But right at that moment I heard the most heart wrenching cry that I have ever heard---the cry of a mother for her baby.  As I opened my eyes, I saw her sitting on the floor screaming for her baby.  I looked around for the father who was just standing there next to the bed in disbelief.  I waited for someone to comfort this mother, but no one moved.  The dad was in shock, and the nurses had returned to their duties.  The other by-standers just watched.  That's when I knew why God had sent us to the third floor.

I sat down on the floor and held this mother as she screamed in my ear and cried on my shoulder.  She clung to my clothes and sobbed a sob that I will never forget.  After what seemed like an eternity, she got up and went to the bedside to see her baby and her husband took over.  I didn't think that I could manage another moment there, so I scribbled my name and phone number on a paper and handed it to the doctor and left to check on our little girl who was actually on the second floor.  Things after that seemed to just be one big blur.

We arrived at our regular Thursday night bible study and things were more chaotic then usual.  The other two families that usually "run" it weren't there, so we were in charge of the night.  Thankfully, the visiting missionaries had agreed earlier to share their testimonies and give the teachings.  All we needed to do was set up and lead the music ministry.  Isaac and Emily were leading the Praise and Worship that night for the first time.  I was so proud of the two of them, but as they began to play and we began to sing about how great our God was, all I could think about was that poor mother crumpled on the floor of that hospital.  And how my God had failed to show up that day.

The more we sang His praises, the more upset I got, the more I questioned what I was doing here in the Philippines.  Jesus cured all kinds of people while on earth and raised people from the dead, then told His disciples in John 14 that they would do the same.  He also tells them that whatever they ask in His name, He will do.  Was my faith so weak that I was unable to be the missionary that He called me to be here?  Was my faith in Him not strong enough to save that baby?  But didn't He say if we had faith the size of a mustard seed that we could move mountains?  Was my faith less than a mustard seed?  So many scriptures ran through my mind and with each one came more questions?  But ultimately they all came back to "WHY?"

Why am I here? Why did you send me to the third floor? Why did you not save that baby? Why did you let my child witness this baby's death?  Why should I believe? Why? WHY? WHY?  And while all of these questions are racing in my head, the screams and cries of that mother still rang in my ears, and the vision of her on that floor still burned in my eyes.  I was mad at the nurses, the doctor, the other by-standers who just walked away like nothing had happened.  I was mad at myself for not having enough faith.  And I was mad at God.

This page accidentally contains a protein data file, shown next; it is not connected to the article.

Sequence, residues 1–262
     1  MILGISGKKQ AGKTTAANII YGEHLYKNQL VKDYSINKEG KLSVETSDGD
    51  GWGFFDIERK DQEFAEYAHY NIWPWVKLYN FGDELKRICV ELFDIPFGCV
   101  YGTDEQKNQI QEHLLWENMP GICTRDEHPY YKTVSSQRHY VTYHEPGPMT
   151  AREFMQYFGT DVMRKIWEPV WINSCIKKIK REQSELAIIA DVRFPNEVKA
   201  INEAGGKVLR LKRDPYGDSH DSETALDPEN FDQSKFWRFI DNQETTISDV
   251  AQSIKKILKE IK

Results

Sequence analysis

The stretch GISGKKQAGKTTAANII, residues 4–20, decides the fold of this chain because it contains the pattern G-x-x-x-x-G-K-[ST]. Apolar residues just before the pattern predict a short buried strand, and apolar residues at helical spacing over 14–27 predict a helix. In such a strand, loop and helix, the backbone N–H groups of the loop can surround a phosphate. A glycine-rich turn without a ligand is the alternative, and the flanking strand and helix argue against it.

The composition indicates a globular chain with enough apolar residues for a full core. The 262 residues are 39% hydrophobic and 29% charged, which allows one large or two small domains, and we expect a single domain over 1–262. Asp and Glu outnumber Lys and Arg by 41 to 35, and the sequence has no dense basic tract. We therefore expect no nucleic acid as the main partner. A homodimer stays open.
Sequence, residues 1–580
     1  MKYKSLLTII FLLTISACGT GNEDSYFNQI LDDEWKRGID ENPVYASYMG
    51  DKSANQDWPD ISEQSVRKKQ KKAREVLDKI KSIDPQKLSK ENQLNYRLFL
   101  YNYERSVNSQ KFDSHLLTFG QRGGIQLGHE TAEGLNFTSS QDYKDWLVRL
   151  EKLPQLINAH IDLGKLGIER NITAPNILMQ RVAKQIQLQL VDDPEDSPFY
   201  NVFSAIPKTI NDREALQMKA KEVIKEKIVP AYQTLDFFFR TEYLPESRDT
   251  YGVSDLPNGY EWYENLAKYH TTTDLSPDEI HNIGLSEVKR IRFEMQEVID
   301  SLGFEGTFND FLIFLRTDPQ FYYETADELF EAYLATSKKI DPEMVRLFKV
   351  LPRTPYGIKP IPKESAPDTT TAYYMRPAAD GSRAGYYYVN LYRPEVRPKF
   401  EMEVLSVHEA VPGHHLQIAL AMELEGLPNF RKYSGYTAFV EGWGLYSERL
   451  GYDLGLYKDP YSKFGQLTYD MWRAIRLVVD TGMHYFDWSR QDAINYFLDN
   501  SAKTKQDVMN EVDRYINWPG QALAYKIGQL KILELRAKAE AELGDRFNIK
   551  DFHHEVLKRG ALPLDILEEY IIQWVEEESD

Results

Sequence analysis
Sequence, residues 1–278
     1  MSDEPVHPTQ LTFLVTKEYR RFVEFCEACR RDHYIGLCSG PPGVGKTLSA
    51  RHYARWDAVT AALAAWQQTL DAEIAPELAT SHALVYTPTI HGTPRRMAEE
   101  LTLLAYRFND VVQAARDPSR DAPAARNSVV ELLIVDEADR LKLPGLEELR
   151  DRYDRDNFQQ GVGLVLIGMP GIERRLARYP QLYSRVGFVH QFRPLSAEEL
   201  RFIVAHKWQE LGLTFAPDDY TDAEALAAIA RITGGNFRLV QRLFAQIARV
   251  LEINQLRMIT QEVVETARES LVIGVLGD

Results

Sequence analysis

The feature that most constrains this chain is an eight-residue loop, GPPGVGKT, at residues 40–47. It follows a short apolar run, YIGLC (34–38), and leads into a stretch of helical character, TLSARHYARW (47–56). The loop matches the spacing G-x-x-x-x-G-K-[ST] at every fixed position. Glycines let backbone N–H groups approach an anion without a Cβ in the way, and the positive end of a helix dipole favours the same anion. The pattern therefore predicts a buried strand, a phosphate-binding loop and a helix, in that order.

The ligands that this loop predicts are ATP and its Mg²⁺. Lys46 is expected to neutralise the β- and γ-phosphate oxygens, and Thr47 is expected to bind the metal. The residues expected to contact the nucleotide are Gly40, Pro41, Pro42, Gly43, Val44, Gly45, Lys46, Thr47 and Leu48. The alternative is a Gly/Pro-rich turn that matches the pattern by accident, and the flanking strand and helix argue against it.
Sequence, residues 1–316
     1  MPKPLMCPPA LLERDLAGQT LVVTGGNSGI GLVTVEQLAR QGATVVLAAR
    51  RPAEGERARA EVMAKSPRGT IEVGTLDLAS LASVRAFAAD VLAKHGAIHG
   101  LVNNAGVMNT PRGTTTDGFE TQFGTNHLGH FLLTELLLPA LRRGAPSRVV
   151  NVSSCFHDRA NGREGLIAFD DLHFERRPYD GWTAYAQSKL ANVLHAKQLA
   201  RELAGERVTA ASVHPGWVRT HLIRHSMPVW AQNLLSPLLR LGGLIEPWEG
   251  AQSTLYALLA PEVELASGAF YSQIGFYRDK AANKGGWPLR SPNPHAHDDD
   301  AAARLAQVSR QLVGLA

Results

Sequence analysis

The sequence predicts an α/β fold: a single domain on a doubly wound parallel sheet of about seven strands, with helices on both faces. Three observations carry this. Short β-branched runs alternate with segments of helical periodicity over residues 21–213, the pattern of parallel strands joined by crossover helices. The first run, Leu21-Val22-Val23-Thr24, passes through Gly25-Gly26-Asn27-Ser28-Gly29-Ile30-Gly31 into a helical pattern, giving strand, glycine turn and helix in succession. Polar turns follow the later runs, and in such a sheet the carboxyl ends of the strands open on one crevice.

I went home that night and cried myself to sleep.  I cried for that mother as I thought of her going to bed that night without her baby.  I cried for my lack of faith, for my lack of trust, for my unbelief.  I cried because I felt that the God I had given up everything to follow had abandoned me when I needed Him most or worst of all didn't even exist.  I have never felt so alone and empty in all my life.

I woke the next morning to my phone ringing.  It was an unknown number.  My heart sank as I realized that the events of the previous day were not a dream and that it would be that family on the other end of the phone.  "Dear God, if you are real, give me the words to speak."  I answered to hear a man's voice on the other end asking if I was the one from the hospital.  I muttered out a "Yes."  Then he asked if we could come to their house and meet with them.  Again, the word "Yes" came out of my mouth.  He gave me directions, and I hung up the phone.

Later that day, we took our two good friends, Ricky and Irene, with us and made our way to a neighboring town to actually meet this couple.  We prayed on the way for God to give us the words to say, the courage to say them, and the strength to stand.  We arrived at the uncle's house where the couple was staying and entered the living room to find the baby laid out on the coffee table.  I had told myself that the baby would be there because I had already heard stories about the hospital sending deceased babies home in a box.  But I was not really prepared to see it laid out that way right when we entered the house.